Judge tosses lawsuit over wind farm in Kansas, USA

172-page complaint sought to prohibit commercial wind energy development

Last week a federal judge tossed out a lawsuit filed by a coalition of ranchers and conservationists seeking to block development of a large wind farm in one of North America's few remaining stands of native tallgrass prairie. U.S. District Judge J. Thomas Marten's brief order did not elaborate on the dismissal, explaining only that he described his reasoning to attorneys earlier during a conference call. Marten promised a fuller explanation in a later memorandum. The lawsuit was filed last month by the Flint Hills Tallgrass Prairie Heritage Foundation. The proposed wind farm would be the biggest producer of wind energy in Kansas. The $190 million project would bring 100 wind turbines - each nearly 400 feet tall - to an 8,000-acre plot three miles south of Beaumont, 45 miles east of Wichita.

The project is expected to produce 150 megawatts of power - enough to power 42,000 homes annually. Construction is scheduled to begin in March. The lawsuit named Scottish Power PLC and two of its subsidiaries, PacifiCorp and Oregon-based PPM Energy Inc.; Greenlight Energy Inc. of Charlottesville, Va., and its Elk River Windfarm LLC; and Empire District Electric Co. of Joplin, Mo. PPM Energy bought the project in December from Greenlight Energy. The lead attorney for the defendants, David Traster, said the judge told attorneys he was dismissing the lawsuit because it failed to state a proper legal claim. "Certainly we are tickled by the ruling and we think it is the right answer," Traster said.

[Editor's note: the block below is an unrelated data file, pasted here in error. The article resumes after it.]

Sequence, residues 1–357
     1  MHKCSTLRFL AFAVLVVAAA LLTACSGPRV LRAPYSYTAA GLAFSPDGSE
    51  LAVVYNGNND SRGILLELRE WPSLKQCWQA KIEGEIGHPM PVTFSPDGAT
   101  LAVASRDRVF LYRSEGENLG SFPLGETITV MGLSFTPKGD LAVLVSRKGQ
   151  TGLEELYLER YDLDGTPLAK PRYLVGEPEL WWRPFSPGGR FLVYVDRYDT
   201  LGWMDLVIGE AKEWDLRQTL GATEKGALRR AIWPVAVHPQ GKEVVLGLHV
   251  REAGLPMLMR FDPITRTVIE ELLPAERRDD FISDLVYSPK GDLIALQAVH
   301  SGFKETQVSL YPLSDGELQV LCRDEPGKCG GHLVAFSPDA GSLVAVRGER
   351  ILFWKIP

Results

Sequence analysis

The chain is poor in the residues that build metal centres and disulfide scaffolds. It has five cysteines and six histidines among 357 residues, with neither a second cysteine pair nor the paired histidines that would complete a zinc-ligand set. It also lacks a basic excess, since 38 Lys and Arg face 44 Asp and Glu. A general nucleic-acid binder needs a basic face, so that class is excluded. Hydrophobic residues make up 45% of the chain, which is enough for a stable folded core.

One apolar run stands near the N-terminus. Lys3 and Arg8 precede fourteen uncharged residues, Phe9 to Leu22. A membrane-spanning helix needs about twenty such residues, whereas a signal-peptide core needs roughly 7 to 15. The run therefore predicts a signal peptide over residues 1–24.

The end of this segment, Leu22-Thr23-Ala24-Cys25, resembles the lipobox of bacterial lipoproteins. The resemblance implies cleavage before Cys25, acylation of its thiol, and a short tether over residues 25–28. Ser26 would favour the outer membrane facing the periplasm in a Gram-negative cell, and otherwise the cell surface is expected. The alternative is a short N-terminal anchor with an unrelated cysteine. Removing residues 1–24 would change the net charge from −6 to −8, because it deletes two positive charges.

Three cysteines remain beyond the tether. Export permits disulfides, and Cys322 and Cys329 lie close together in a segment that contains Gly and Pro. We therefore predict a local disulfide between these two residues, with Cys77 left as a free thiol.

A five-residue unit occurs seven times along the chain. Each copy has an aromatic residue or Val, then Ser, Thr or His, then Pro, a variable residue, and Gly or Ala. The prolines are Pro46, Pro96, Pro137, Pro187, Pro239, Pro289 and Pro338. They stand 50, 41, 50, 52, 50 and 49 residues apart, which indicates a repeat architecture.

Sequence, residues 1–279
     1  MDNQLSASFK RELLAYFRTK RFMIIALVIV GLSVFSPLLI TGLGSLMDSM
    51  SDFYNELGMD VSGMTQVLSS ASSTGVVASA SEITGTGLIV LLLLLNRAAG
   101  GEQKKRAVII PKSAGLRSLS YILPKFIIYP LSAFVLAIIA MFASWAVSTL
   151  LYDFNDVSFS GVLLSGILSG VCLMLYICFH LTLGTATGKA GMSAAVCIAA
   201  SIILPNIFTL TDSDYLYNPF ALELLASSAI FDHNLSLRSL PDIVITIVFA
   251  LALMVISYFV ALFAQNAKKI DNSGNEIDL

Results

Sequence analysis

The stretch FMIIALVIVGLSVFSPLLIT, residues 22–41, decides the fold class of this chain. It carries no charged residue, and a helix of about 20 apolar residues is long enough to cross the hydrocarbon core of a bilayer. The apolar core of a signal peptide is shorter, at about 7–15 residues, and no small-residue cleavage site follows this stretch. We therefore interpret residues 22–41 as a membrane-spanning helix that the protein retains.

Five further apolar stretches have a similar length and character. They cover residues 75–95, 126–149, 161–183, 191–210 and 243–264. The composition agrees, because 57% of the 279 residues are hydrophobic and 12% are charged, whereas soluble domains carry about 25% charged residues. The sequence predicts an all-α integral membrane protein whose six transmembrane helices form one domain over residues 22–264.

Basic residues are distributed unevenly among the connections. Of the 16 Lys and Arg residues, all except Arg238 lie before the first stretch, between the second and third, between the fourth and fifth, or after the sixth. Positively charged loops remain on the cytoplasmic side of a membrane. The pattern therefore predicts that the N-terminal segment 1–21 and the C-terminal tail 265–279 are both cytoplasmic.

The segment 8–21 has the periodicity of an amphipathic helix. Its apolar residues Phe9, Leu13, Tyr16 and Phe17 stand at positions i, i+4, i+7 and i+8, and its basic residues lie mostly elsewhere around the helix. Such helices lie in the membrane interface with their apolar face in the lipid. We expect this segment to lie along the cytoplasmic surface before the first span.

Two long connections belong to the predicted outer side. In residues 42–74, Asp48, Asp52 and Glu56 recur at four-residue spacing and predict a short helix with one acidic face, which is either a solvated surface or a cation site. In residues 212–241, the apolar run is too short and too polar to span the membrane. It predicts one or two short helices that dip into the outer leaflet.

The Flint Hills Tallgrass Prairie Heritage Foundation is considering an appeal to the 10th Circuit Court of Appeals in Denver, said Victor Yannacone Jr., an attorney representing the foundation. "This stretch of essentially intact tallgrass prairie is in great danger of being lost if it is fragmented by these industrial wind turbine facilities," Yannacone said. "These are not isolated windmills. These are enormous, gargantuan wind turbine generators." The 172-page complaint sought to prohibit commercial wind energy development in the Flint Hills ecosystem and a surrounding buffer area to protect migratory birds and the aesthetic qualities of its views. The lawsuit also sought to limit any tax relief or incentives for commercial wind development to facilities that can prove their sites are not in places where they would cause irreparable damage to natural resources.
Online editorial, www.windfair.net
Trevor Sievert, Online Editorial Journalist
USA, Kansas, wind energy, wind power, wind turbine, wind farm, rotor blade, onshore, offshore

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